Exploring the HTML Accessibility perspective

The HTML Accessibility perspective consists of five panes (see Figure 1). Two appear at the top: the ACTF Browser Editor is on the left, and (depending on the active mode) either the Low Vision Simulation View or the Blind Visualization View is on the right. Each pane includes function buttons. Below these panes is the Evaluation View pane. The Evaluation View pane has two kinds of Views, the Summary Report View and the Detailed Report View. The Summary Report View has the Summary Report pane and the Overall Rating pane. The Detailed Report View has the Tree View pane and the Line View pane (which together make up the Problem List) and most ACTF Visualization components are shared by both modes.


Figure 1. The user interface of HTML Accessibility perspective.

ACTF Browser Editor

The page to be tested is opened in the ACTF Browser Editor (Figure 2). By default, this pane is at the top left of the screen. The size of the pane can be changed by dragging the edges.

At the top of the pane are the address bar, forward and backward arrow buttons, a stop button, a refresh button, and a GO button. The URL of the page to be tested is entered in the address bar and clicking GO opens the page.


Figure 2. ACTF Browser Editor.

Simulation/Visualization View

To the right of the ACTF Browser Editor is a pane that changes depending on the active mode. In the Low Vision View, the pane is the Simulation View (Figure 3). In this pane, there is a simulated view showing the experience of what a low vision reader might see when looking at the target webpage. In the Blind Usability View, the pane is the Visualization View (Figure 4). In this view, the page shows an impression of how a blind user who relies on a voice browser is going to experience the page. By default, this pane is on the top right of the screen. The size of the pane can be changed by dragging the edges.

Clicking one of the two views at the top of the pane select the visualization type. The buttons in the row below the Low Vision and Blind Usability Views are determined by the active view.


Figure 3. Simulation View.

The buttons and check boxes specify the portions of the target page to be checked and the vision deficiency parameters the tool should use for the assessment.


Figure 4. Visualization View.

The screen capture shows the buttons that appear in this pane and the items that the tool checks when it is running in the blind mode, such as reaching time, tags that can easily be accessed by voice browsers, and the availability of intra-page links.

Evaluation View pane

The evaluation result appears in the Evaluation View pane. This pane has two kinds of views, the Summary Report View (Figure 5) and the Detailed Report View (Figure 6). The Summary Report View has the Summary Report pane and the Overall Rating pane. The Detailed Report View has the Tree View pane and the Line View pane (which together make up the Problem List).

Figure 5. Examples of the Summary Report View.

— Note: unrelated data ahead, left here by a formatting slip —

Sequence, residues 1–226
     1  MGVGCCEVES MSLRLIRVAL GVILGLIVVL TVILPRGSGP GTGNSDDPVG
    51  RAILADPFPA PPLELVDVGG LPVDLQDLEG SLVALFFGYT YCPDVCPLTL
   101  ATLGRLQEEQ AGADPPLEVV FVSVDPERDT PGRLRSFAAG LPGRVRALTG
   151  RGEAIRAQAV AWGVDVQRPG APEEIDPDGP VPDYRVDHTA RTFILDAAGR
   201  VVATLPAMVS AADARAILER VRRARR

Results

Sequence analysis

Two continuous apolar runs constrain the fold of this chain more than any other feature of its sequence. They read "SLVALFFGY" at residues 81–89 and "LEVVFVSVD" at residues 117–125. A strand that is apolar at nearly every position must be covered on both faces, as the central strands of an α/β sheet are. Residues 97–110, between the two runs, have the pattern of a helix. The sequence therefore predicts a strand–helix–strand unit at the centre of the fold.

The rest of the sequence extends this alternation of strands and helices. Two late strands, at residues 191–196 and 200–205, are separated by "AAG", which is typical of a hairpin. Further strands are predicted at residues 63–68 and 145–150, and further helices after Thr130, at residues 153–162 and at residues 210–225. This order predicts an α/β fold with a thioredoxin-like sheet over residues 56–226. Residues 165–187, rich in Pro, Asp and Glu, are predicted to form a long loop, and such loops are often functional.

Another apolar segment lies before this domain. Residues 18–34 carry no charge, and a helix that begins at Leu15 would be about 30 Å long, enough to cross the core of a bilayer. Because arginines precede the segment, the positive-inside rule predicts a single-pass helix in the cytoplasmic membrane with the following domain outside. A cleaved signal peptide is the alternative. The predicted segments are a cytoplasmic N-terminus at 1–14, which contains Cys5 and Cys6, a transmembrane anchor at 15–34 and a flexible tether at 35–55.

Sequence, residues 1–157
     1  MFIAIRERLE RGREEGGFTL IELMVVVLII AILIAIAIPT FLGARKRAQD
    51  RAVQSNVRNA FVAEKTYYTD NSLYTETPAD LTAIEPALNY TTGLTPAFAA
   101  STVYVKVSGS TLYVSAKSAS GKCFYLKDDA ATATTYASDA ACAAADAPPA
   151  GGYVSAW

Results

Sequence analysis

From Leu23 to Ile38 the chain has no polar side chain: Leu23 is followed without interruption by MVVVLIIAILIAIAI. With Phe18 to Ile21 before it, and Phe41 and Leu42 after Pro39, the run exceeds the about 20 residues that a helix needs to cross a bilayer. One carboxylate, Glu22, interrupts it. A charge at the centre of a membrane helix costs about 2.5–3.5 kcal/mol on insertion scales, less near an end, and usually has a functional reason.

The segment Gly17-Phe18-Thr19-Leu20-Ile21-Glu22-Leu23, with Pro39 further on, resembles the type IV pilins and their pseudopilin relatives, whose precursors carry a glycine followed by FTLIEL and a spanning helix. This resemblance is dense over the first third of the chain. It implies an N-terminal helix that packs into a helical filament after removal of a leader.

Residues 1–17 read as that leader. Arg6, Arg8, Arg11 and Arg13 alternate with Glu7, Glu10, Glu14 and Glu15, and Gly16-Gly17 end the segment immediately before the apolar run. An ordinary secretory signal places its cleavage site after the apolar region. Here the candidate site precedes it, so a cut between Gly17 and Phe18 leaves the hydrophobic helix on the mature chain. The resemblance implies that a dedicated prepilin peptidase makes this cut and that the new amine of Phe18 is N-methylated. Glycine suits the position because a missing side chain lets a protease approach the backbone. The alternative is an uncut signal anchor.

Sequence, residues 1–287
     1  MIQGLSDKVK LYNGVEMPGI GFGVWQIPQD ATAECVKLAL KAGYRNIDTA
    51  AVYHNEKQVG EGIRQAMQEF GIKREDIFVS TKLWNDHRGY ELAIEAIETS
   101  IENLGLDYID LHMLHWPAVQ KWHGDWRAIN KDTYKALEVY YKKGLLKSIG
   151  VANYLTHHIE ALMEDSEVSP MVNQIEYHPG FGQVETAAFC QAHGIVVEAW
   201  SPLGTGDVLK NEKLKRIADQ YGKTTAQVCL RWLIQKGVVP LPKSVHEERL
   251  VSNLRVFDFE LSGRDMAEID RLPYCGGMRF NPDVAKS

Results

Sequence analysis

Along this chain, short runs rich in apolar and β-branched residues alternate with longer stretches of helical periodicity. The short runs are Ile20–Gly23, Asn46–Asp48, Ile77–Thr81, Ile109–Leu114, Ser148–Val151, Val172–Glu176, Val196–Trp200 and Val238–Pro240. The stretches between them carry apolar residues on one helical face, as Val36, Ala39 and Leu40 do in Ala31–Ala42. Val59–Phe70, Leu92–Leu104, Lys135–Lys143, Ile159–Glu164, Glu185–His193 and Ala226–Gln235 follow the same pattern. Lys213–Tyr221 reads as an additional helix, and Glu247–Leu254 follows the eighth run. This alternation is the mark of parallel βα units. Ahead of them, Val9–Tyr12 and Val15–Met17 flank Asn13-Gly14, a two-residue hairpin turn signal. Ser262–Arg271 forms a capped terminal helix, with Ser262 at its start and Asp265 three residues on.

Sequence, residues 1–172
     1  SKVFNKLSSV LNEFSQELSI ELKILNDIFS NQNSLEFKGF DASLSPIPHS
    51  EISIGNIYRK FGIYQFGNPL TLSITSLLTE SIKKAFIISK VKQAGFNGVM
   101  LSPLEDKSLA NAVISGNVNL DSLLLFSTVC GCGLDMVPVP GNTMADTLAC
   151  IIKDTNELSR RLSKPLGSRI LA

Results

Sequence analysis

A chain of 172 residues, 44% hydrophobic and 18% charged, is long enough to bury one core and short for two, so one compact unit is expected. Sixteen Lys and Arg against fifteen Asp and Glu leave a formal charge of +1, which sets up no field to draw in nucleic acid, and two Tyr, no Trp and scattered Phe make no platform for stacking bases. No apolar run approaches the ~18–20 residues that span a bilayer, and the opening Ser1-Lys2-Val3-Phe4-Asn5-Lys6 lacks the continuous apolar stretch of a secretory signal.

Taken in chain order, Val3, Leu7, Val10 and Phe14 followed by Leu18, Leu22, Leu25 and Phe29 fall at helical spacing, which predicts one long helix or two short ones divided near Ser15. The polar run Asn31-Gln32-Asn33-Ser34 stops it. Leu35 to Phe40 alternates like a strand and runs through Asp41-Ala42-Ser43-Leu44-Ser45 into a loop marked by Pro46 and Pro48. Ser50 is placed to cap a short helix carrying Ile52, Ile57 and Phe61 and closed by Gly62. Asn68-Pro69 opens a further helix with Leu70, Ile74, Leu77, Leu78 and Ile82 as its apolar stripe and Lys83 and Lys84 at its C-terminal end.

Figure 6. Examples of the Detailed Report View.

Summary Report pane

The Summary Report pane area provides the summary report of the target page's accessibility and usability (Figure 5).

Overall Rating pane

The Overall Rating pane area provides the target page's overall rating for accessibility and usability (Figure 7).


Figure 7. Examples of the Overall Rating pane in the low vision mode (left) and in the blind mode (right).

In the low vision mode, the pane provides an overall rating that is based on the total severity values of the problems and a problem map that indicates the positions of the problems. In the blind mode, the pane provides an overall page rating that is based on the number of the problems and a radar chart that visually shows the target page's rating in terms of compliance, navigability, and listenability. The compliance rating is based on the number of problems concerned with compliance. The navigability rating reflects how well structured the Web content is by using headings, intra-page links, labels, and so on. The listenability rating denotes how appropriate the alternative texts are.

Tree View pane

When accessibility problems are detected, they appear in the Problem List. The list consists of two parts: the Tree View pane and the Line View pane.

The Tree View (Figure 8) categorizes the problems. The category of problems to be listed in the Line View can be selected by clicking the category name.


Figure 8. Tree View pane.

Line View pane

The line view presents the problems for the selected categories line by line. Figure 9 shows a sample of the Line View pane (blind).


Figure 9. An example of the Line View pane (blind)

In the blind mode, each line provides the following information about a problem:

The Line View pane (low vision) differs slightly from that of the blind mode (Figure 9).


Figure 10. An example of the Line View pane (low vision)

In the low vision mode, each line provides the following information about a problem:

Left-click a line in this view to highlight the element that corresponds to the problem in the Simulation/Visualization view.

Right-click a line or press Shift+F10 to open a context menu. The items in the context menu are as follows:

Status bar

The status bar shows information related to the active mode.

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